Monday, January 30, 2012

TOWNSHIP INSPIRED AFRICAN DESIGN



What began as a conversation with women in the townships around Cape Town has become a unique social enterprise in the fashion industry. Nicole-Marie Iresch, an Algerian-born executive with Air France, traveled from Paris to Cape Town on holiday. While exploring the city she was approached by a group of women who asked her for employment. They had basic sewing skills but could not find the work they needed to support their families. Nicole-Marie felt an instant bond with the women and visited them in their homes in the township of Khayelitsha. More than twenty years later, she still remembers clearly:
“When I was first invited to the township of Khayelitsha, during the final years of apartheid, I entered another world and got to know people that changed my life completely. Penetrating beyond the mass of shacks, I got to know the homes, the lives and the dreams of the women I met. I discovered a beauty, a style, and a spirit I have never encountered before. Ever since my first visit to Khayelitsha, I nursed a desire to express and translate the irrepressible urge to create beauty that I discovered there: to shine a light on the originality and style of the township women and their homes, to take the colors, textures and vibe and show them to the rest of the world.”

It was during that first encounter that Nicole-Marie recognized the energy and potential of township women, and felt compelled to offer them meaningful opportunities that would convey their spirit and creativity to the outside world. She acted as an advisor to the women and supported them in establishing their own sewing cooperative. The women gave Nicole-Marie’s life real purpose. She permanently relocated to South Africa and founded Township, an organization providing women with the training and business skills required to create independent sewing cooperatives. In order to generate sufficient income, the women began to produce reusable bags from non-GM cotton. There are now 7 sewing co-operatives all certified by the World Fair Trade Organisation.

The co-operatives now produce a range of very cool African inspired bags, shoes, decor and accessories. We have fallen in love with their recently opened store in Cape Town, that reflects a real contemporary, Afroc chic concept. We hope to have some of their range available soon through Bundu Designs.



Tuesday, January 17, 2012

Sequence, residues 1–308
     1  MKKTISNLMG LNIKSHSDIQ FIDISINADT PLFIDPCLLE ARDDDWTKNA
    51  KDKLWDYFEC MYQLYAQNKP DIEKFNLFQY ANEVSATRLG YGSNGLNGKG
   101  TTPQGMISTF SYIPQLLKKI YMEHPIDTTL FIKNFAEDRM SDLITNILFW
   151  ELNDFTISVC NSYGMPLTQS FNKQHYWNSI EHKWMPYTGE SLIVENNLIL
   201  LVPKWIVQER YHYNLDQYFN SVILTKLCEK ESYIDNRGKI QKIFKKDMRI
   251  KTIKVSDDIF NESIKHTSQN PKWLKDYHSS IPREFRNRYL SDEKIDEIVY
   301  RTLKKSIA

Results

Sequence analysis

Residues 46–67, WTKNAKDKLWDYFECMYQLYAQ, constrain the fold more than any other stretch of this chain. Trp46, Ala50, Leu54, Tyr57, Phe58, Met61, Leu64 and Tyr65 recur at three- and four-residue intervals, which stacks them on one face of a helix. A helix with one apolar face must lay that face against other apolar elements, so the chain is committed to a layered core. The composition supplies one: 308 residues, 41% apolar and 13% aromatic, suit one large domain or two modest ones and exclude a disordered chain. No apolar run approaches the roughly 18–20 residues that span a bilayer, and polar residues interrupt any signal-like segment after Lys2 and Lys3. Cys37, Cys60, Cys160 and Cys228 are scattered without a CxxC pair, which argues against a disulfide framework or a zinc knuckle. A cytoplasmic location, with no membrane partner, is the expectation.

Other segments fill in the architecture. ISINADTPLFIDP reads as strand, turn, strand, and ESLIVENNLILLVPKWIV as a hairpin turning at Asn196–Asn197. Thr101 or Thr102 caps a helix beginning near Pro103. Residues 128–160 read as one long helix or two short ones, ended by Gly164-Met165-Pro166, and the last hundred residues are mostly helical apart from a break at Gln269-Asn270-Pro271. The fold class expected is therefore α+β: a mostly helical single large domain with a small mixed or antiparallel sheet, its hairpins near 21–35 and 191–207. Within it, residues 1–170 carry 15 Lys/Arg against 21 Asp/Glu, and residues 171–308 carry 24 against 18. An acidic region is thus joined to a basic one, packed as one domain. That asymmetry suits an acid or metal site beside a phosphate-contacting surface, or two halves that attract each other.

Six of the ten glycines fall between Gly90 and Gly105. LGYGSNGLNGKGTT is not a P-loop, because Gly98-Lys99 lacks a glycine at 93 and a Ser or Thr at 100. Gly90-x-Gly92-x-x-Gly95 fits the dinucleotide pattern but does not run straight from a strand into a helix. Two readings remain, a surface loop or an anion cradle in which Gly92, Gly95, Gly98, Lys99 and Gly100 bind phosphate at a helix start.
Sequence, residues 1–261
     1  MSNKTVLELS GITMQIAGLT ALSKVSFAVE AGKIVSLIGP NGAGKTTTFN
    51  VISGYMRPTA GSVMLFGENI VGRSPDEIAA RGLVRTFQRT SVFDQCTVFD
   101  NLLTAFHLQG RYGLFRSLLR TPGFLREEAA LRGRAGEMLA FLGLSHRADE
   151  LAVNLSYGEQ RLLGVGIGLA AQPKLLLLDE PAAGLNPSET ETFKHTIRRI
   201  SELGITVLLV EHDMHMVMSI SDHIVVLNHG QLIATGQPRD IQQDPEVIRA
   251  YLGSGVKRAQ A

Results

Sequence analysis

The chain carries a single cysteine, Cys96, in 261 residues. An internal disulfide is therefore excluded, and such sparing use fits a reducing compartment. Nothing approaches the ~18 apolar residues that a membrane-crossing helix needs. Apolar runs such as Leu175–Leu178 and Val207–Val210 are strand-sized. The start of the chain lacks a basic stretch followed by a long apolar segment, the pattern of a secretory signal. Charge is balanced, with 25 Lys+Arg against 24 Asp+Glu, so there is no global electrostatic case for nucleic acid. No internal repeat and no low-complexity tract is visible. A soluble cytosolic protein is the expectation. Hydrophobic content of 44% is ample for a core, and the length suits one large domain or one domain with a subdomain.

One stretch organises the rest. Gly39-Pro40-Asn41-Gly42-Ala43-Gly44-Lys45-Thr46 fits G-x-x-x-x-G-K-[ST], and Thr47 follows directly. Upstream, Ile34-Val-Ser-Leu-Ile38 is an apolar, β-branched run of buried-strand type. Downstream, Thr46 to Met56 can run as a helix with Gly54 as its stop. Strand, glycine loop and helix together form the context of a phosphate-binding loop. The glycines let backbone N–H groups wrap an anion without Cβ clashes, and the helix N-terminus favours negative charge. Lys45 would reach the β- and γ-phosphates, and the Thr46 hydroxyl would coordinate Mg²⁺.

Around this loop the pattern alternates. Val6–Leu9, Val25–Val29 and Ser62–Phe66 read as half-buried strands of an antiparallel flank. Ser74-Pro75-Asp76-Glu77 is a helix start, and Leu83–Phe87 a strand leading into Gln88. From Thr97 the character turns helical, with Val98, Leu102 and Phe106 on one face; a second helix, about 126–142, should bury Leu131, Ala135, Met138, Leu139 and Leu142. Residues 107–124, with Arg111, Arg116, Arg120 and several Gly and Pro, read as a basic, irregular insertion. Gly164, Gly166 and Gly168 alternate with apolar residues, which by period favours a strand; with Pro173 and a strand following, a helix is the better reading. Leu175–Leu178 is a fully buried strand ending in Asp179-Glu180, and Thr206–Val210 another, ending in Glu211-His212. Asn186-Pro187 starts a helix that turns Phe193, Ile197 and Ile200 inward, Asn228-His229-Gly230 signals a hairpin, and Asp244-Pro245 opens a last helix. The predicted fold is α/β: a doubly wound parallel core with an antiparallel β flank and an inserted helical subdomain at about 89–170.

AFRO CHIC TROPHY HEADS


We thought it would be fitting to kickstart 2012 with a unique and quirky African safari. Keeping it contemporary and innovative and as always ingenious, we take a look at products inspired by Africa’s wildlife. These spectacular trophies come to you cruelty-free. We did some amazing partnership work last year with our wire and bead group from Zimabawe and several of them have now started a range of wire animal heads that we think are quite spectacular.  Taking traditional African trophy heads to a whole new level, thick galvanised wire is shaped by hand to form the head and then covered in papier mache, where layer upon layer of tissue paper is applied to the frame. The result is a bold, spectacular statement that exudes an Afro-chic elegance.



Streetwires is a South African based fair trade organisation providing sustainable employment opportunities for many formerly unemployed men and women to channel their natural creative energies into this vibrant art form. Their beautiful, intricate wire trophy heads are spectacular and would be a proud African testament on any wall.



These red leather majestic animals of the African savannah, the Kudu, are also known as grey ghosts for their ability to blend into the bush. Long valued by Africans, the male Kudu features striking spiral horns, captured brilliantly by transforming the idea of a mounted trophy head into a contemporary piece of art. Created out of recycled cardboard and then covered in leather or suede.


Jozi2, painted by artist Sharon Boonzaier, was inspired by the bustling city of Jo’burg, its architecture and diverse culture. Some of the works are painted on canvas and printed on the sculpture, as seen in Claudia Gurwitz’s “Coral Tree”.



Zimbabwean artists Mike Vanyana, Norbert Mukungwa and Robert Yohan have recently created a striking collection of bead and wire animal heads for Bundu Designs. 







Taking trash to a whole new level, these coiled wire, rubber and plastic sculptures have to be one of the most unqiue pieces in our trophy head selection. Each sculpture is completely unique and original and meticulously constructed.








Bundu Designs takes special orders on all of these animal heads, contact us at bundu@eastlink.ca or click here for prices and sizes available online.

Thursday, January 12, 2012

ALPHA LONGBOARDS - LOCAL LEGENDS




As the snow begins to fall and temperatures in the north drop way below freezing, we thought it only fitting and necessary to add a little African sunshine in our lives with these seriously cool longboards. Alpha Longboards was started by Kent Lingeveldt, out of a need for longboards in Cape Town. Why -Alpha- ? Because they believe that with the purchase of an Alpha Longboard comes the beginning of a culmination of a lifelong dream for some, and the re-awakening of a dream for others. Each board is handcrafted in the Alpha workshop by Kent who is an avid longboarder. Alpha was started as a custom board shaping company, but has now developed a standard catalogue range that is constantly growing. They maintain that they sell a lifestyle, not a product. Their most recent creations entitled ‘Local Legends’ is a series of custom stencil artwork by in-house artist Kenan Petersen. First in this beautiful range is the Nelson Mandela board and retails at about $250 each. Personally I just want to hang one on my wall.